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Most of the public keys I am getting from friends have a sub key in addition to the pub key. For educational purposes I retrieved some public keys and came across this Linus Torvalds' key that does not have a sub-key.

pub   1024D/956EB7BF449FA3AB 1999-10-05 [expired: 2001-10-04]
uid               [ expired] Linus Torvalds <torvalds@transmeta.com>

Apparently this key is distributed without a sub key. My own public key looks like this (anonymized for posting purposes).

pub   4096R/96Q1DUTLHW3NHA97 2014-10-27 [expires: 2015-03-11]
uid               [ unknown] First Name Last Name <first.last@provider.org>
sub   4096R/96Q1DUTLHW3NHA96 2014-10-27 [expires: 2015-03-11]

Why would people distribute their public key with a sub-key and what are the advantages of doing that or not doing that?

  • 1
    Maybe 15 years ago Linus and/or the program he used wasn't perfect? If you check the keyserver (at least subkeys.pgp.net which my gpg uses) you should find 76E21CBB torvalds@osdl.org from 2005 and 00411886 torvalds@linux-foundation.org from 2011 each with subkey for encryption. – dave_thompson_085 Oct 30 '14 at 16:19
  • @dave_thompson_085, thank you for your response to my question. My question is specifically about Torvalds' old key, but why most people share several keys with those specific features (i.e. a sub-key for encryption and a public key for signing and for creating a certificates). – Eric Fail Nov 3 '14 at 13:13
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Advantage of Using Subkeys

Using subkeys has the main advantage that in case you have to revoke them, you're not losing all reputation in the web of trust do not have to exchange new keys with other participants you're communicating with.

For example, if you stored your subkeys (and your public primary key, not your secret primary key!) on a mobile phone which you lost, you can easily revoke this subkeys and create a new key pair; all others just have to fetch your updated primary key to get aware of them (and possibly don't even realize).

If you had put your primary key on your mobile, you had to issue a completely new set of keys, get everybody aware of them and start again in the web of trust (having all certifications lost).

Algorithm Choice

Another reason for subkey usage are algorithmic limitations. While RSA can be used for both signing (certifying) and encrypting, and you don't have to use subkeys for encryption, some algorithms are only capable of one of those. For example, DSA (Digital Signature Algorithm) can only be used to issue signatures and requires another algorithm for encryption, usually ElGamal is used here (which again cannot be used for signing).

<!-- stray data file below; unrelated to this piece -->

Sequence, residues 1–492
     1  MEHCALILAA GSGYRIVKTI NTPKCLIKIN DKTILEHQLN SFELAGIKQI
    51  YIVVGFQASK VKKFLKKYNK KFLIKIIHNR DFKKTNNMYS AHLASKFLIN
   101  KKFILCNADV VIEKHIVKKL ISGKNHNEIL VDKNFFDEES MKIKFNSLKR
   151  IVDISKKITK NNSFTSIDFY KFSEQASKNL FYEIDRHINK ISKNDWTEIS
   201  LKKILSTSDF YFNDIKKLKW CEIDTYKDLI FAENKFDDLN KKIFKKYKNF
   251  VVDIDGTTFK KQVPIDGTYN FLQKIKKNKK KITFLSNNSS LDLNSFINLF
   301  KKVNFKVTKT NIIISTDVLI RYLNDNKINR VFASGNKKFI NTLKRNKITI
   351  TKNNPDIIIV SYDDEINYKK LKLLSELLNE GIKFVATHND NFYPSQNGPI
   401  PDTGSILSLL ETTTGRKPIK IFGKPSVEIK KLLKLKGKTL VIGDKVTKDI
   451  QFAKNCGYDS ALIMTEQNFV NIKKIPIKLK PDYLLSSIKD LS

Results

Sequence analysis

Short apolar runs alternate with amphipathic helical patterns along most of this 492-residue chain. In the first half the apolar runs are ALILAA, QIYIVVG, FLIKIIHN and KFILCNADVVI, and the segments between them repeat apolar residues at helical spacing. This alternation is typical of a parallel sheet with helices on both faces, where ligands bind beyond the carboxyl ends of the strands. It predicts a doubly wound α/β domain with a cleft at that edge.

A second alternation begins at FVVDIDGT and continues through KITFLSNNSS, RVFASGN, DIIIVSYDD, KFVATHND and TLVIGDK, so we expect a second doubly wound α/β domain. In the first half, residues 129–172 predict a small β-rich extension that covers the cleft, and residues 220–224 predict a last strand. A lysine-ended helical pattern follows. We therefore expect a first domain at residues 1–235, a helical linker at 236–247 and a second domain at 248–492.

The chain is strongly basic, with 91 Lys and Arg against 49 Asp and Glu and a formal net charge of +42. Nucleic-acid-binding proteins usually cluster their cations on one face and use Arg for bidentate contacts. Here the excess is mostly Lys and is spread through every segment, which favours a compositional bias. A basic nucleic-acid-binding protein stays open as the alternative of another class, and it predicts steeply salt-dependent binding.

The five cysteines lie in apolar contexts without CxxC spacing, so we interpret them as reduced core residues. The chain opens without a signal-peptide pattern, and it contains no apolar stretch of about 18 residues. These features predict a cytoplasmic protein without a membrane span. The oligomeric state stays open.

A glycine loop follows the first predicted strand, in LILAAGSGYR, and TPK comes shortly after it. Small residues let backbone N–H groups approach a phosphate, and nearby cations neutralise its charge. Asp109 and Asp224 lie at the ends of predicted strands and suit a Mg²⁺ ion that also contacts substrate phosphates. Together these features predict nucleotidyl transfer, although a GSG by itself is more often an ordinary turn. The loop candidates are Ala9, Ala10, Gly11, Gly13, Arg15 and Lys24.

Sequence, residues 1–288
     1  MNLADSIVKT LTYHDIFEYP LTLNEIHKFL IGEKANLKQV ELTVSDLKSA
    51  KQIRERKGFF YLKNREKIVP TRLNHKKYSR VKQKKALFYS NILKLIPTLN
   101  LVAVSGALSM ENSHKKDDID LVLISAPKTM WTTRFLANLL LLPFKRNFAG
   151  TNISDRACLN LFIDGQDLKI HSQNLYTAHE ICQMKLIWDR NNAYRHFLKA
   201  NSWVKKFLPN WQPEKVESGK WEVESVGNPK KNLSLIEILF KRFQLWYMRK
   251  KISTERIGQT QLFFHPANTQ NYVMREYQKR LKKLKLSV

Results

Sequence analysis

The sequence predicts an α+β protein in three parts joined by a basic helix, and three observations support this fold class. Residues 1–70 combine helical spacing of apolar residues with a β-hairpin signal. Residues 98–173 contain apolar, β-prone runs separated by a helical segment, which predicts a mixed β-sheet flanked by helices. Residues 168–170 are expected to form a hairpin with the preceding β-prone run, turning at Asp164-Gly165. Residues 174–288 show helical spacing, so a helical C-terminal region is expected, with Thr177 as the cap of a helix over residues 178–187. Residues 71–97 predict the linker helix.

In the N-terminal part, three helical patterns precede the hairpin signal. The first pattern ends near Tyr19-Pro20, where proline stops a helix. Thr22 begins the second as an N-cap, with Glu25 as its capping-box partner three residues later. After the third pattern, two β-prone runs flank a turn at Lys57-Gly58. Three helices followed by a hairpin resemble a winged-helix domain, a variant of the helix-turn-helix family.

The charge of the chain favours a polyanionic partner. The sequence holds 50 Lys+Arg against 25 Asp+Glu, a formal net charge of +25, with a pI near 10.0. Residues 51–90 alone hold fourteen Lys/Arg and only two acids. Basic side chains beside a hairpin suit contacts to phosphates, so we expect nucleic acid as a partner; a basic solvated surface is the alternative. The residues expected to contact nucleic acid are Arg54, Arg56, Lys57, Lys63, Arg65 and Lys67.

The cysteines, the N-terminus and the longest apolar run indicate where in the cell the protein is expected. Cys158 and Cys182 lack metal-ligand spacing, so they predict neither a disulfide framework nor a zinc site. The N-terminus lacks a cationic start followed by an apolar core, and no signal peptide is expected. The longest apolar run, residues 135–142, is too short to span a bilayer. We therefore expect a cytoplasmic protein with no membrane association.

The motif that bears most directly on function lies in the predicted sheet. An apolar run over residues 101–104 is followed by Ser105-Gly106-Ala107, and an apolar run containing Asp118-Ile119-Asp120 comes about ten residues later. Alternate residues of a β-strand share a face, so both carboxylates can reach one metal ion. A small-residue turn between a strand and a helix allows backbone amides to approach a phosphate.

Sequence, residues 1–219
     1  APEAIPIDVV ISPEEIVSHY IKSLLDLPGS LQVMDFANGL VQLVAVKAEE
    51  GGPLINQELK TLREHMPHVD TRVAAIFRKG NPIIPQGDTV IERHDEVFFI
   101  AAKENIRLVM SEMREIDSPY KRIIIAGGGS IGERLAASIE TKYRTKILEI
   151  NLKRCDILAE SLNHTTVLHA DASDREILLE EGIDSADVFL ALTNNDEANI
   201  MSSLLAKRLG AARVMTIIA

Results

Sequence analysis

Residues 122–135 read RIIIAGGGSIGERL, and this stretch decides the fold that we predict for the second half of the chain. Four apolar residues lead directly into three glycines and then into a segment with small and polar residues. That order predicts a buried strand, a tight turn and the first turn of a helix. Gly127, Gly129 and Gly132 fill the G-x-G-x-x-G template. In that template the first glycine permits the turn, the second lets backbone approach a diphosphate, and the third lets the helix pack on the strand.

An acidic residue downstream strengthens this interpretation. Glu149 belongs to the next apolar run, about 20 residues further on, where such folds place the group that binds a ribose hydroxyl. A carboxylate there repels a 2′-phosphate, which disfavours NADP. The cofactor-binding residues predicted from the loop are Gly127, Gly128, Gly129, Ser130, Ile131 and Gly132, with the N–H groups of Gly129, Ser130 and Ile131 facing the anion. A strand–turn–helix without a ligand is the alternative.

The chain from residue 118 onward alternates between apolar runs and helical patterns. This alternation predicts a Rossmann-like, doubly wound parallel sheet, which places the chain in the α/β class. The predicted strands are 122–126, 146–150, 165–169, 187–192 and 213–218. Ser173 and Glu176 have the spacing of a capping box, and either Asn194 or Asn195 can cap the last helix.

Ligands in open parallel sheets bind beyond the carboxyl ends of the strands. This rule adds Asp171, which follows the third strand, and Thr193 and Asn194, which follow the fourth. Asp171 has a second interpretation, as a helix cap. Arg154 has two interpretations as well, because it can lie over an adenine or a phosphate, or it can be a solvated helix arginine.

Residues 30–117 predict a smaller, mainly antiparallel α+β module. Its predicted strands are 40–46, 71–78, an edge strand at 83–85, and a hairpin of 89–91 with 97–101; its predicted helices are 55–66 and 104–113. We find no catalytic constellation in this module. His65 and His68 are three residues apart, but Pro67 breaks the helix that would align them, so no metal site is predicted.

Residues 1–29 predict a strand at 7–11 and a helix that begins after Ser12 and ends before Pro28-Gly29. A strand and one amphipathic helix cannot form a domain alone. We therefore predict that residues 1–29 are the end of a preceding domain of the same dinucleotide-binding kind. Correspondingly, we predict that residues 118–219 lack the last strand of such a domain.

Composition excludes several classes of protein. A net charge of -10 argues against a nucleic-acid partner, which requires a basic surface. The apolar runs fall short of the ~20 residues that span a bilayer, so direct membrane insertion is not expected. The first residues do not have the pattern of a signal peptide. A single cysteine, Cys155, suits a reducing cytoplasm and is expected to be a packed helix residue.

Further Information

At least GnuPG automatically creates subkeys

In generally recommend reading Debian's discussion of subkeys, I also answered a slightly related question. Finally, have a look at the offline key section of this answer.

  • Thank you for your careful response, it's a good explanation of the relationship between the primary key and sub-keys. I also read Debian's discussion of sub-keys and your related answer. I realize that my question might not have been specific enough. What I'm puzzled by is why I should share more than one public key. The way Torvalds' public key is shared seems to me to be enough (as illustrated in my original question above, 956EB7BF449FA3AB). What I don't understand is; why would anyone be interested to share a sub-key in addition to the public key? Most people seem to be doing this. – Eric Fail Oct 29 '14 at 19:15
  • Because (1) some algorithms might require it, and (2) it reduces the hassle of revoking keys if necessary. Most people will stick with one single active subkey pair for signing and encryption, and only use the primary key for certification and key management. Usually, people exchange their subkeys all few years, but stick a longer time with their primary key. – Jens Erat Oct 29 '14 at 21:52
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Usually when generating keyrings the program will generate both an encryption key and a signature key in the public keyring. If you run gpg --edit-key KEYID it will probably show usage: SC and usage: E for your key and subkey respectively.

  • Thank you for responding to my question. I didn't know about these usage: categories. I looked at the usage for the keys listed in my example and Torvalds' 449FA3AB has the E flag. While my keys HW3NHA97 and HW3NHA96 has the usage flags SC and E respectively. In some ways this only puzzles me further. Why would I publish a public key with the SC usage (if I understand it correct this key, the SC key, can be used for signing and for creating a certificates)? (@JensErat ) – Eric Fail Oct 29 '14 at 19:53
  • Generally speaking you'll want to both sign and encrypt your messages, hence the default behaviour of generating a signing key and encryption when running gpg --gen-key. – Tim Lamballais Oct 30 '14 at 10:07
  • This might also provide some extra insight: security.stackexchange.com/questions/1806/… – Tim Lamballais Oct 31 '14 at 15:32
  • I understand that I want to sign and encrypt messages, but why would the recipient need the SC key? Maybe a use-scenario, or a tutorial, is spelled out somewhere (I did read the question you linked to, thanks). – Eric Fail Nov 3 '14 at 13:20
  • How do you propose the recipient of a message verify your signature without access to your public signing key? Just to be clear, signing/signature verification also works with an asymmetrical private/public keypair. – Tim Lamballais Nov 3 '14 at 16:05

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